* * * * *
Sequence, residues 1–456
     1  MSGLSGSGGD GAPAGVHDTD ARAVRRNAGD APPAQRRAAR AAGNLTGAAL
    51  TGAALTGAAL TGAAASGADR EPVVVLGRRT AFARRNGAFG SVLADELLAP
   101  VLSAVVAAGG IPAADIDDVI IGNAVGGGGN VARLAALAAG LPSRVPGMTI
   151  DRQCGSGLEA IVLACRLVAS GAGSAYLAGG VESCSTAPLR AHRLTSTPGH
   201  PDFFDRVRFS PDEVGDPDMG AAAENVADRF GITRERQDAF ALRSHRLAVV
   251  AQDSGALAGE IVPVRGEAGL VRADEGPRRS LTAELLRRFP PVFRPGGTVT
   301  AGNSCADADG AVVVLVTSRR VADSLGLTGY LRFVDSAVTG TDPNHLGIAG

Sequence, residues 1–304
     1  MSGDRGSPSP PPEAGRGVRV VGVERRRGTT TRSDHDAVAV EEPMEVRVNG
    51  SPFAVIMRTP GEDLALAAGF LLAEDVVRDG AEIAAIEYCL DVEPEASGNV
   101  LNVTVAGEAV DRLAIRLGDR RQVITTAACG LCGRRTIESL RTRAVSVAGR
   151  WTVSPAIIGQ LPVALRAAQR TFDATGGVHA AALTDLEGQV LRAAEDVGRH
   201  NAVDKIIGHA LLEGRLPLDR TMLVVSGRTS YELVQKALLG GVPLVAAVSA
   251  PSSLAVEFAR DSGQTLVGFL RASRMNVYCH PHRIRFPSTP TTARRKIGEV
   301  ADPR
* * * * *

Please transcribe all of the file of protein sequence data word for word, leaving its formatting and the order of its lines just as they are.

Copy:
Sequence, residues 1–456
     1  MSGLSGSGGD GAPAGVHDTD ARAVRRNAGD APPAQRRAAR AAGNLTGAAL
    51  TGAALTGAAL TGAAASGADR EPVVVLGRRT AFARRNGAFG SVLADELLAP
   101  VLSAVVAAGG IPAADIDDVI IGNAVGGGGN VARLAALAAG LPSRVPGMTI
   151  DRQCGSGLEA IVLACRLVAS GAGSAYLAGG VESCSTAPLR AHRLTSTPGH
   201  PDFFDRVRFS PDEVGDPDMG AAAENVADRF GITRERQDAF ALRSHRLAVV
   251  AQDSGALAGE IVPVRGEAGL VRADEGPRRS LTAELLRRFP PVFRPGGTVT
   301  AGNSCADADG AVVVLVTSRR VADSLGLTGY LRFVDSAVTG TDPNHLGIAG

Sequence, residues 1–304
     1  MSGDRGSPSP PPEAGRGVRV VGVERRRGTT TRSDHDAVAV EEPMEVRVNG
    51  SPFAVIMRTP GEDLALAAGF LLAEDVVRDG AEIAAIEYCL DVEPEASGNV
   101  LNVTVAGEAV DRLAIRLGDR RQVITTAACG LCGRRTIESL RTRAVSVAGR
   151  WTVSPAIIGQ LPVALRAAQR TFDATGGVHA AALTDLEGQV LRAAEDVGRH
   201  NAVDKIIGHA LLEGRLPLDR TMLVVSGRTS YELVQKALLG GVPLVAAVSA
   251  PSSLAVEFAR DSGQTLVGFL RASRMNVYCH PHRIRFPSTP TTARRKIGEV
   301  ADPR